Why Brands Big and Small Continue to Fail at Influencer Marketing
Seventy-eight percent of marketers who used influencer marketing in 2016 noted that calculating return on investment (ROI) would be a top challenge for 2017.
While many companies continue to pour money into SEO and social media, others have come to find that influencer marketing provides the greatest opportunity to move the needle. There’s only one problem: some brands, many of which are among the biggest in the world, continue to fail at influencer marketing.
I’ve been able to avoid this by implementing a targeted strategy with my eyes fixated primarily on ROI. Here are my thoughts on why many big brands are failing at influencer marketing, despite large budgets and dedicated professionals overseeing their campaigns:
1. They ignore niche influencers.
Big brands often fall into believing that “bigger is always better.” This isn’t true with influencer marketing. It’s often the niche influencers that have the biggest impact on reach, engagement and the bottom line.
Through the growth of Agent Beta, I’ve learned quite a bit about what does and doesn’t work in the world of influencer marketing. Spending all your time chasing top influencers is a waste. Focus on connecting with niche influencers who have a hyper targeted following.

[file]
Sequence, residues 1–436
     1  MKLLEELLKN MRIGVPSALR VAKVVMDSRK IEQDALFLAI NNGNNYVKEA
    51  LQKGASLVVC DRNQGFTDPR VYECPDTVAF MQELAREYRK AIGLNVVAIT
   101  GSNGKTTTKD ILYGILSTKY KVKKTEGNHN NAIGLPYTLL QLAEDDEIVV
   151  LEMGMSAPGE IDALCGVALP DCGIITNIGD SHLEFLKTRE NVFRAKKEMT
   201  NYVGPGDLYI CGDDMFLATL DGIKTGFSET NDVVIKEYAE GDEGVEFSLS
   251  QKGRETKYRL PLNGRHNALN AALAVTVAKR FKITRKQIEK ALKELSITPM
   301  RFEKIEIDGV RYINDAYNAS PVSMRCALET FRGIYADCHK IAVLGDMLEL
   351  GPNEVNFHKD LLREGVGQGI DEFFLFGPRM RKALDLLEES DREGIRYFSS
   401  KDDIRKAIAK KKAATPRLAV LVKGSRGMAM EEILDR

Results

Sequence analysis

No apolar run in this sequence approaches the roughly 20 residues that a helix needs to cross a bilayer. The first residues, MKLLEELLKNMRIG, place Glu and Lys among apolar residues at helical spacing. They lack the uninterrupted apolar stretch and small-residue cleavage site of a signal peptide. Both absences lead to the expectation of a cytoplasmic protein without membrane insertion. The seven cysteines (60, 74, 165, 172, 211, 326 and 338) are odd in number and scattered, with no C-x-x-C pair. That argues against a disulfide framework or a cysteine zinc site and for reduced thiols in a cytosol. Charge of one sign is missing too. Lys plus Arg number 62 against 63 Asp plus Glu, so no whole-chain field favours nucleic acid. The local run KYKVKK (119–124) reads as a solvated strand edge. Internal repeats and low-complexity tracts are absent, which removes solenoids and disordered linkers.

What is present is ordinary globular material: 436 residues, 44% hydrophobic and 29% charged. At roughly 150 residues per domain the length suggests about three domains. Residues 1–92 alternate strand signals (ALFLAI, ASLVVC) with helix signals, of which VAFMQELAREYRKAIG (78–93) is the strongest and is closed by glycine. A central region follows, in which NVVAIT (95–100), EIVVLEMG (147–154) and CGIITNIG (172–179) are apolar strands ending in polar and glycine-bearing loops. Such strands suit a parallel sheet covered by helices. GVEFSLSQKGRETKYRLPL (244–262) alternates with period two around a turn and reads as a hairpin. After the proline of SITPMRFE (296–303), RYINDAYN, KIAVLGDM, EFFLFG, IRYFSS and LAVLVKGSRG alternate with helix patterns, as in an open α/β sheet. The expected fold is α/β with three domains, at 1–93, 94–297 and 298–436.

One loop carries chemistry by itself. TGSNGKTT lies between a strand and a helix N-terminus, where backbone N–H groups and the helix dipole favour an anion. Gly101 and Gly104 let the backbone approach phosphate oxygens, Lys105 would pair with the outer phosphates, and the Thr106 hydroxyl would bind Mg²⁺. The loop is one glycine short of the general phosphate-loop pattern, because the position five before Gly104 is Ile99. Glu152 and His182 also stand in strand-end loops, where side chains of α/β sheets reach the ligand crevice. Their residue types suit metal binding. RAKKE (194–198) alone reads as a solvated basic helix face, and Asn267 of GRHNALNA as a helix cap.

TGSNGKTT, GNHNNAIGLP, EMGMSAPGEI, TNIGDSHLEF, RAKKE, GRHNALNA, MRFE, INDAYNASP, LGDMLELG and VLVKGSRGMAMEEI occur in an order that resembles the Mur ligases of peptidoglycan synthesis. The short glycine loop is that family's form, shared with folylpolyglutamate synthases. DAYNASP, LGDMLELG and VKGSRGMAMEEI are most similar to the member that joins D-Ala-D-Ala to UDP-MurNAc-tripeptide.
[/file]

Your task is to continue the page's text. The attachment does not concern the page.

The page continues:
2. They don’t spread the wealth.
Instagram, Instagram, Instagram. I hear it time after time. Instagram is the only place to be if you want to win at influencer marketing. I totally disagree.
When building my personal brand and companies, as well as assisting others, I’ve found it possible to achieve great success through other social platforms, such as Snapchat. Every platform calls for a unique approach in order to succeed, but it’s well worth it in the end.
3. They don’t learn.
In some ways, this goes along with point one. Big brands fall into the trap of collaborating with anyone who has a large following. Some don’t even take the time to learn more about the influencer’s approach.
My strategy is simple. Before I ever reach out to an influencer, I review every last detail of their social platforms. This includes a thorough review of any campaigns they’ve run in the past and how they communicate with their audience. This approach gives me a clear idea of what I’m getting into, instead of taking a shot in the dark.
If you want to succeed at influencer marketing — something that many big brands are unable to do — you need to avoid the many mistakes that these companies continue to make.
Article was written by Andrew Medal for Entreprenuer.com0